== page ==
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The MobilityLA Auto Show

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Original Anthony    Nov 14, 2016 9:00 PM PT
The MobilityLA Auto Show

LOS ANGELES, CA. — The "City of the Angels" was only a glimmer in the eyes of the Spanish Empire's Conquistador interlopers who first set their sights upon this land in the 1500's and later in the 1700's. By the onset of the 1849er California Gold Rush, Los Angeles was a growing Mexican pueblo. (In fact, it was the largest farming community in all of southern California.) One hundred years later, during World War II (circa 1942 – 1945), L.A. was turning out high tech aircraft to fight the Japanese Empire. The local economy, augmented by oil, tourism, real estate and other industries, soon became the film capital of the world. 

In 2016, Los Angeles remains the world's number one media market. The Los Angeles Rams NFL team recently returned to L.A. after a Super Bowl-winning stint in St. Louis, Mo. Beyond its well-deserved "Mecca of Media" label, L.A. is also known for its sunshine, pioneering of freeways and gleaming automobiles. No other city could be more intimately entwined with postmodern American culture and the urban commuter as defined by the southern California consumer experience.

Now a new era has dawned for the City of Angels. A bevvy of companies ranging from Intel to Ford to Booz Allen Hamilton have descended upon this globalized metropolis for the "MobilityLA" confab. For those privileged to attend, a plethora of erudite and visionary speakers are busy offering a glimmer of Los Angeles' automobile future.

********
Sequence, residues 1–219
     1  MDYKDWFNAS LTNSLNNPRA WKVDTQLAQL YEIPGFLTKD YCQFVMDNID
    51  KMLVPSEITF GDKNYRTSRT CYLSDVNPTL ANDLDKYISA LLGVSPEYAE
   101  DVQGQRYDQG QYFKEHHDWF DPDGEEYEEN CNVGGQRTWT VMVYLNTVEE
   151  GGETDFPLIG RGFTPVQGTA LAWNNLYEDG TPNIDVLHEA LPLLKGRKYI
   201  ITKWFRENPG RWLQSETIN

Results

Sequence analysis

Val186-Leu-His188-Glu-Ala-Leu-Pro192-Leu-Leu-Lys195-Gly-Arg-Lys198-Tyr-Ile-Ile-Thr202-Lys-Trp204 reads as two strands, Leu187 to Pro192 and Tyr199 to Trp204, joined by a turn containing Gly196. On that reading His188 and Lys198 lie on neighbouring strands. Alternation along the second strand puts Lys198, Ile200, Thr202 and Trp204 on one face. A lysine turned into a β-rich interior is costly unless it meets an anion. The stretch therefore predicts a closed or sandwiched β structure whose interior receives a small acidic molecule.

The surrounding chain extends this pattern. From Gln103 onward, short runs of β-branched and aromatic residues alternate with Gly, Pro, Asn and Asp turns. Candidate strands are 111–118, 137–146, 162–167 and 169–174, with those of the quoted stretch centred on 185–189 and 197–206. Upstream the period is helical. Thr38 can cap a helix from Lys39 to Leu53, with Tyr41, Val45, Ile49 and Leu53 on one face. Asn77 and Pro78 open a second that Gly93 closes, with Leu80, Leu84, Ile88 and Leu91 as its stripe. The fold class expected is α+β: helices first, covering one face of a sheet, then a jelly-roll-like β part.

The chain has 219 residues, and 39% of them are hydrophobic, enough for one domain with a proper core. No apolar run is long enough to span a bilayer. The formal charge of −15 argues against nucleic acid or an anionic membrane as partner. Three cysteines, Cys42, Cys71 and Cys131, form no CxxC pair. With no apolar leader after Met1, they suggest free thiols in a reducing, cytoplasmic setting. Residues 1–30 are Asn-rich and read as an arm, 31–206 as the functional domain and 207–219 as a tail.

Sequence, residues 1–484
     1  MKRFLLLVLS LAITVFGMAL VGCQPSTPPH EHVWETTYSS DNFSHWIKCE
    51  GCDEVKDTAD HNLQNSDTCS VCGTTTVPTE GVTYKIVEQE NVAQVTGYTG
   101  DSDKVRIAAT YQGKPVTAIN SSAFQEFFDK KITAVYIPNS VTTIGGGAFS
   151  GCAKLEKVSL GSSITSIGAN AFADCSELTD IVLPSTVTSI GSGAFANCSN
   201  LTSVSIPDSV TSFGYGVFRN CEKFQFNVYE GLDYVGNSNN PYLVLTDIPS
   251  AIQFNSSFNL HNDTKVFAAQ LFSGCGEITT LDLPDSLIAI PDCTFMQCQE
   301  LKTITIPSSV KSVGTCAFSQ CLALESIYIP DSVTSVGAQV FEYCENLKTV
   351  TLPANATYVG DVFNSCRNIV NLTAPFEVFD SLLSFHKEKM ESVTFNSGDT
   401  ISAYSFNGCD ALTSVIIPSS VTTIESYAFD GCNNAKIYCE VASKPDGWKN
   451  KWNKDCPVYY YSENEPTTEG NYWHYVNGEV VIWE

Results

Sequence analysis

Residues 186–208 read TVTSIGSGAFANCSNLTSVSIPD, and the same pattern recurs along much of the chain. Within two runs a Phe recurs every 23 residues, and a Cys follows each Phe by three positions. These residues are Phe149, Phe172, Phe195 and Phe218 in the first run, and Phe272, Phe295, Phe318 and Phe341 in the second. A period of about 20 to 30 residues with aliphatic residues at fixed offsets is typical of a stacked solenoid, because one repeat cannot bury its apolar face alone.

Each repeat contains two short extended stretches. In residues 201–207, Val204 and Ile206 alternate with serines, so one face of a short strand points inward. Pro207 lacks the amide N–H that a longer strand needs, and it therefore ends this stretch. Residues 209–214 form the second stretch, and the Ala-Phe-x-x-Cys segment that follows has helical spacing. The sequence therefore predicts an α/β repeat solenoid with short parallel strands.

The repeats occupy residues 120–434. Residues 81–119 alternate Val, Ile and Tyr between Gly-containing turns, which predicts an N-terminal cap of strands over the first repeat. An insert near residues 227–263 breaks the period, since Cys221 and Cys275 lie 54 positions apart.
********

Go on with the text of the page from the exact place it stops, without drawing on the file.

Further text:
Brian Cooley of CNET kicked off the show with a rousing and seminal presentation. Cooley explained the roots of the lexis "technology," which he said was "pre-electricity" and seeks to "explain the way that things are done."

Cooley added: "The great tech revolutions down through history made things more transparent and more intuitive."

Attendees were treated to Cooley's unique insights, including his explanation of data-driven intimacy, and how a torrent of 360 degree information is now available for those plugged into the emerging automotive–data matrix.

Cooley explained how the "Cars of the Future" are doing more and more. "The driver is the differentiator," he noted. 

The cars we drive are an extension of ourselves. They define — in a way — our homes, our cities, even our attitudes. This has been the case since Henry Ford perfected the concept of the assembly line and mass produced the Model T. Electrification, connectivity and autonomy are the touch tones for consumers, and this has been the case in American culture for a long time. 

Cooley mentioned studies by various companies and universities, including MIT, which point to the soon-to-come increase in the use of electric vehicles. By the year 2040 A.D. some cities might see 40% of the vehicles on the road powered by alternative and clean energy sources.

Drivers will "get connected" for purposes of communication, navigation and entertainment.

Cooley also cited Eric Schmidt of Google who was busy explaining only a few years ago how computer-controlled driverless cars were the wave of the future.

Certainly this Brave New World is meeting consumer resistance. Only 16% of American drivers are interested in a fully autonomous vehicle. Around 40% are partially interested. Around 45% have no interest in such cars. Those attitudes are going to be identified and deconstructed as the wizards of Silicon Valley, Detroit and Madison Avenue explain and implement their vision for the "Los Angeles of the Future."

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